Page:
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Standard view: EPA, DEQ offer years-late apologies and hot-dog reassurances on Naranche plume

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When EPA has a problem with public perception of potential health hazard in Butte, Montana, EPA Region 8 toxicologist Charlie Partridge rides to the rescue.

We wish EPA and Montana's Department of Environmental Quality cared a little less about calming the public's fears with folksy science and a little more about keeping the public informed in real time.

In 2009, contaminated groundwater was discovered during excavation for the construction of bleachers at Naranche Stadium. The chemical tetrachloroethylene (PCE) was discovered in groundwater at more than double the state's health standard.

It's a chemical commonly used in the dry-cleaning process, and in some other degreasing and adhesive products. It has been shown to cause neurological, kidney and liver damage and is a probable carcinogen.

Here's the kicker: Apparently because of budget issues and preoccupation with other more severely contaminated sites, the state Department of Environmental Quality and the EPA said nothing and did not investigate the site for more than a decade. Finally, a report was commissioned and shared with Butte-Silver Bow officials last week. The 2021 report found the site posed a potential risk to human health and recommended a thorough site inspection be completed.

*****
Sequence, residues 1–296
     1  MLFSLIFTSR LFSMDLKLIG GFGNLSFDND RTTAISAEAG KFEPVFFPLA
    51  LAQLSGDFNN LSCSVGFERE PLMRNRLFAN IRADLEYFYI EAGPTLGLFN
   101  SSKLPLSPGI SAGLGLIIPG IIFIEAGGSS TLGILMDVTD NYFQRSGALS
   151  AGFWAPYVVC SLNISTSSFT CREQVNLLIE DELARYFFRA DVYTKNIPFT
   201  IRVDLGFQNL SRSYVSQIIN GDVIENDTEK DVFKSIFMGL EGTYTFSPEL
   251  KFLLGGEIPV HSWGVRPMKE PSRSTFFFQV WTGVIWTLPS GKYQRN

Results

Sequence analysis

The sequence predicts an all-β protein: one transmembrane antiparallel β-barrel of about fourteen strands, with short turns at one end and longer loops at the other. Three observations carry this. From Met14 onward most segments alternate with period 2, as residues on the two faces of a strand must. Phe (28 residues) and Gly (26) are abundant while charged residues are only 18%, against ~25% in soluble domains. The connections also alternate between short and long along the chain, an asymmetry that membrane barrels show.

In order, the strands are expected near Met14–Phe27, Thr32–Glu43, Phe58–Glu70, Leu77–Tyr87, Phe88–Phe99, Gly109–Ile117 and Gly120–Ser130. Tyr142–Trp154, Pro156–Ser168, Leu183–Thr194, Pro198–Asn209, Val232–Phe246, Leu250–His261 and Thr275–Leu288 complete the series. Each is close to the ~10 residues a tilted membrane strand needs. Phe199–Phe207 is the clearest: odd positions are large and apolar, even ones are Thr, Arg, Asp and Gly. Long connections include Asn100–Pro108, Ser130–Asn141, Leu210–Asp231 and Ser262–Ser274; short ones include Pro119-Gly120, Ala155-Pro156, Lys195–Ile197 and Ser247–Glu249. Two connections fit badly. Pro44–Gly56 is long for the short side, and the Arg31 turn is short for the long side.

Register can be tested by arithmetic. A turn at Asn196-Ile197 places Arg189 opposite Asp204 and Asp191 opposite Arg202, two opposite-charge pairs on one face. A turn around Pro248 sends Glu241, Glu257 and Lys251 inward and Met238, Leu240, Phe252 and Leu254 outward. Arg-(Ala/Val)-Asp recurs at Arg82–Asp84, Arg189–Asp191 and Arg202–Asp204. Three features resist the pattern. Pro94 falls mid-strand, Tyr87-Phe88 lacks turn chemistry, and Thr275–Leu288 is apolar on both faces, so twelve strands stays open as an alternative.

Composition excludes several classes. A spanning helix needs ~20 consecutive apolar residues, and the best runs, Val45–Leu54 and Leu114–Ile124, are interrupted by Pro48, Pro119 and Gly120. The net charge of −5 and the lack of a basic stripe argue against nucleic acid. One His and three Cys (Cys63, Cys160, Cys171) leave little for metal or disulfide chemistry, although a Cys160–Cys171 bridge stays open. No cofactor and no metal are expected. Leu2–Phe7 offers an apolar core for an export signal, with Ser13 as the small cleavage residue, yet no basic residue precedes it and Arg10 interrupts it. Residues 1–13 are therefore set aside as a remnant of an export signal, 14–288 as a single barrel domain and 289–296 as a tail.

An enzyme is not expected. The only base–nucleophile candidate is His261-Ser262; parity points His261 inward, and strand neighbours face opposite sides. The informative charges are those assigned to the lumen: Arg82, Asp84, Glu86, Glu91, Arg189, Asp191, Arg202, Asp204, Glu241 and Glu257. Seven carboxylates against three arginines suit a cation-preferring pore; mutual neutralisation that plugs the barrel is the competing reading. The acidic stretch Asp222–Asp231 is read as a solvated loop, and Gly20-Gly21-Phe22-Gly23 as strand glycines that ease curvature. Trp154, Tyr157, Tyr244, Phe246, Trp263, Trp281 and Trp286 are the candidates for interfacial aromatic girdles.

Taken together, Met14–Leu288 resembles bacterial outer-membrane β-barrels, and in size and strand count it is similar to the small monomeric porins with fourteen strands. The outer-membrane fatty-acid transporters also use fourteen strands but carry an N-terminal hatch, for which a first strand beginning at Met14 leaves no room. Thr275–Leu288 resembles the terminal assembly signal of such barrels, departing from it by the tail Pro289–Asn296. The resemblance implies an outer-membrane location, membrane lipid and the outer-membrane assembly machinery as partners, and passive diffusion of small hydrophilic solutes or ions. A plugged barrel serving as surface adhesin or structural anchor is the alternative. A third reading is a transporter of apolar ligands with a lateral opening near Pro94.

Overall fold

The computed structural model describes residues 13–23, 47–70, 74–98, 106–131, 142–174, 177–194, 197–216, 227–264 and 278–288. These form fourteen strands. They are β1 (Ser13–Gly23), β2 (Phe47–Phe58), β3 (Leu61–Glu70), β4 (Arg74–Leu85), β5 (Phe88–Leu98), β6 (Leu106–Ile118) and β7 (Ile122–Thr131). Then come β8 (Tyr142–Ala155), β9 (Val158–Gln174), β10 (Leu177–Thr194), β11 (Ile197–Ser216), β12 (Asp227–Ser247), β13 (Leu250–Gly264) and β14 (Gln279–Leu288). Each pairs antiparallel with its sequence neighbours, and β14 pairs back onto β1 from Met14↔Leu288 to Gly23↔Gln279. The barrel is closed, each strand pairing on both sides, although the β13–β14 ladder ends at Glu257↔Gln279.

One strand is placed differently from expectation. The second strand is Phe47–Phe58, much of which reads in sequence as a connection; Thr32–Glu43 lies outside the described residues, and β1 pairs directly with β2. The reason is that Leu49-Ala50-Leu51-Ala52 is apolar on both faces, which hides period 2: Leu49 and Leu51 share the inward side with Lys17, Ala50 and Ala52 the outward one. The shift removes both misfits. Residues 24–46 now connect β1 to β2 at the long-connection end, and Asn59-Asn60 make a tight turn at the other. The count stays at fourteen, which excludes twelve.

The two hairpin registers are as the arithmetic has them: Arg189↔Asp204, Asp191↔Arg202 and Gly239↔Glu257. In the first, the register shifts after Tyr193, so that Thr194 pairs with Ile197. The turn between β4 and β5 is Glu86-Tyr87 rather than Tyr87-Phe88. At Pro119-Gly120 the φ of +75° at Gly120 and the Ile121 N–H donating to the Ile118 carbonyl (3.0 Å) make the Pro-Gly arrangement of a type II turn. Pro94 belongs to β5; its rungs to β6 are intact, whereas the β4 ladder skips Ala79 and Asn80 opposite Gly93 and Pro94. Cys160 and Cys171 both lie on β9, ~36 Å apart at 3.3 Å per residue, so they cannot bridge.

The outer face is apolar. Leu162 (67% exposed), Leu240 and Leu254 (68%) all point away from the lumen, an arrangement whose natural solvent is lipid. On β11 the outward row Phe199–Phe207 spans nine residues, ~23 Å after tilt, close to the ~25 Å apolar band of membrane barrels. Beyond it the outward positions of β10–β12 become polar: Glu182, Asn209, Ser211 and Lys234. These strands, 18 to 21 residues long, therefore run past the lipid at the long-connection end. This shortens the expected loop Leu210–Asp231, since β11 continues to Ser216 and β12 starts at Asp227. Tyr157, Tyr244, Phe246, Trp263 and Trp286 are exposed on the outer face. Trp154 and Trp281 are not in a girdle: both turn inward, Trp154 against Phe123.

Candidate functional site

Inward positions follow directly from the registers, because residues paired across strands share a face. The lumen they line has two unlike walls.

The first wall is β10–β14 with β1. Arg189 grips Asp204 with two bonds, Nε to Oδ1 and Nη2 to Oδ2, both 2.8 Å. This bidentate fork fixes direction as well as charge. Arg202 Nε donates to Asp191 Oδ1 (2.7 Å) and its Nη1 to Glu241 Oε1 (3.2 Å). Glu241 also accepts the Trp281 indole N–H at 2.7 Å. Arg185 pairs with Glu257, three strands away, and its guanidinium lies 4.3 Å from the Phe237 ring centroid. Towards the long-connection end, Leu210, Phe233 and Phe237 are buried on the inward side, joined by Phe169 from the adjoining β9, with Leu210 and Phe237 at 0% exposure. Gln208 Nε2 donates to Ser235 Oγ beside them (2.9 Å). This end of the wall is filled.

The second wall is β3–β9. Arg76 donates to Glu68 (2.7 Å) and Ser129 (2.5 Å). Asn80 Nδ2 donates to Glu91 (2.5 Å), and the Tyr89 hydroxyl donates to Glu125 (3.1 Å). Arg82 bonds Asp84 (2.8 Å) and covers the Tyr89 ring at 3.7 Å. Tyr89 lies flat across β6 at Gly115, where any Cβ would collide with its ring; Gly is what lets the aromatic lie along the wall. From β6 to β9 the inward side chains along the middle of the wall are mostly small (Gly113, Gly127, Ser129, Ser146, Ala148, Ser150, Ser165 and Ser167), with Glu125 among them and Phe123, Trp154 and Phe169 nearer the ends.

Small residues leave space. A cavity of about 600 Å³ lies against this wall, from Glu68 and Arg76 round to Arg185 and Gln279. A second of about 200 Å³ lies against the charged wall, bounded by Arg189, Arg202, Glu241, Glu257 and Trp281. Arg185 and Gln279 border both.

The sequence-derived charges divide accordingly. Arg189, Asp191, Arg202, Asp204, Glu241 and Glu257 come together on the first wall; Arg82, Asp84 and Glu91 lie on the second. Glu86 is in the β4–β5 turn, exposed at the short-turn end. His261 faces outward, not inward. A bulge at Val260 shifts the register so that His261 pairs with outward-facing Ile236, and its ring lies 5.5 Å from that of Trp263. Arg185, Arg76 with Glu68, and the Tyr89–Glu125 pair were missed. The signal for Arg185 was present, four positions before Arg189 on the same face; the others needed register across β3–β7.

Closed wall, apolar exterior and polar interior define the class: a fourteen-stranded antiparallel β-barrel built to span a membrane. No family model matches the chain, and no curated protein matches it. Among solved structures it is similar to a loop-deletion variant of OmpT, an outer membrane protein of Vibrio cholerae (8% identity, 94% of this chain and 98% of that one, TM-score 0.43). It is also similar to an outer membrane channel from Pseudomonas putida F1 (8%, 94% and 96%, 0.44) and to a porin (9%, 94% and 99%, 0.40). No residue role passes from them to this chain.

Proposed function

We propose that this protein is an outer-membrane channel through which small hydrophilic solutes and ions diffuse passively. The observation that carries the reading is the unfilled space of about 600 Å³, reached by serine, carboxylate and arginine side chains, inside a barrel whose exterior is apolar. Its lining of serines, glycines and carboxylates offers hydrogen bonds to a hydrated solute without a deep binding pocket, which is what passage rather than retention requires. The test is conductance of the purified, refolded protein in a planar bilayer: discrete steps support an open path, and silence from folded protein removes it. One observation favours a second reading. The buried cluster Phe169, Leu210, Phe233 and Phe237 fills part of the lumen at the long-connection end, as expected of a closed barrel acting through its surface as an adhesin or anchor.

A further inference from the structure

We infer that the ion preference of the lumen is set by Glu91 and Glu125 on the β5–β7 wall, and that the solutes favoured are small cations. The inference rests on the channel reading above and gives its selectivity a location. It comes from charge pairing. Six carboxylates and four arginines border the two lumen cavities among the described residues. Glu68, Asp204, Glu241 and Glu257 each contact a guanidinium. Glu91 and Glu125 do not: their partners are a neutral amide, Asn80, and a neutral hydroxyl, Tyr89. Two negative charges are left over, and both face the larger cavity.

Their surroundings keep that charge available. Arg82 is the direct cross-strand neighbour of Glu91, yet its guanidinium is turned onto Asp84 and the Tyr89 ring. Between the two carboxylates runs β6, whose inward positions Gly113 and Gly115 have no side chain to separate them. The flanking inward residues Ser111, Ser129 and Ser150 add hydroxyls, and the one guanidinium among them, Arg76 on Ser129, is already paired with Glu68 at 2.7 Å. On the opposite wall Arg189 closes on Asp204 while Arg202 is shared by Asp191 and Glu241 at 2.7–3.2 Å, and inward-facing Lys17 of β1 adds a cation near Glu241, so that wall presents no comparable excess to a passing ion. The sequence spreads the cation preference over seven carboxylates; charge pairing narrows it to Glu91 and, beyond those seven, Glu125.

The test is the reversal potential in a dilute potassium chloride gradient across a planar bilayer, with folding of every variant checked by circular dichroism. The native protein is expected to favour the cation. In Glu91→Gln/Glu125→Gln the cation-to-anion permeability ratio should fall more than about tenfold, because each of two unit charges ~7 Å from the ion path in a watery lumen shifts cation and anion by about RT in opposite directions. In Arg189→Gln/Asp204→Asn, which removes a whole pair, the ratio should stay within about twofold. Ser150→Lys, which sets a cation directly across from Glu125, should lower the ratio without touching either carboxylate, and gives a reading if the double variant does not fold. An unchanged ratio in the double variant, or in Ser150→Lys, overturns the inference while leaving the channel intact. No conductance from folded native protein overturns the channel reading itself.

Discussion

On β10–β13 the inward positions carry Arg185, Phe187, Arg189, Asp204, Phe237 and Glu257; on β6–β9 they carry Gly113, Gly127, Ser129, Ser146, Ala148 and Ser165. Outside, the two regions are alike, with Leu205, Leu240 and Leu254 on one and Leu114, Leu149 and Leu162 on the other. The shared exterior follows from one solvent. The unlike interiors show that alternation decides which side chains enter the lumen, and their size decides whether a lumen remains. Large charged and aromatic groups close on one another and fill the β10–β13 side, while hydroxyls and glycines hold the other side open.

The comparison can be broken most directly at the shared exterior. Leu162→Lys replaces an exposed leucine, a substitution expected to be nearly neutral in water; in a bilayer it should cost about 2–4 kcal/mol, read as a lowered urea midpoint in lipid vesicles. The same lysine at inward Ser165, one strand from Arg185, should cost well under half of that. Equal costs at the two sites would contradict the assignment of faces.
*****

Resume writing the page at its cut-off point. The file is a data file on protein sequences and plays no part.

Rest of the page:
Not to worry, Partridge told Butte-Silver Bow commissioners this past week.  

You'd have a higher risk of cancer from eating a chili cheese dog once a week for 20 years than from exposure to the amounts of PCE found at the site, he opined.

That's cute.

What isn't cute is that the agencies have not done squat about this for more than a decade, leaving everybody in the dark. That would include county officials, who say they knew nothing about it. It would include the residents of an apartment building next to the high school. And it would include high school students, teachers and their families.

It's not possible for the pollution to have reached drinking water, Partridge and other state and EPA officials said. That reassures us not one whit since nobody has done any testing over the past 11 years to see exactly what this plume of pollution IS affecting.

Many questions can legitimately be asked. Why didn't the school district, which knew about the initial discovery, demand more action more quickly? Why, when the district spent more than $700,000 to install field turf at Naranche in 2016, was the issue not revisited, when it might have been much cheaper to remediate at the same time the turf work was done?

Nobody said word one.

We have little faith in the shoot-from-the-hip science from Partridge and the EPA. The apologies and assurances for more transparency going forward also mean little. Butte deserves real action and transparency on this, not a pat on the head after a decade of being ignored.


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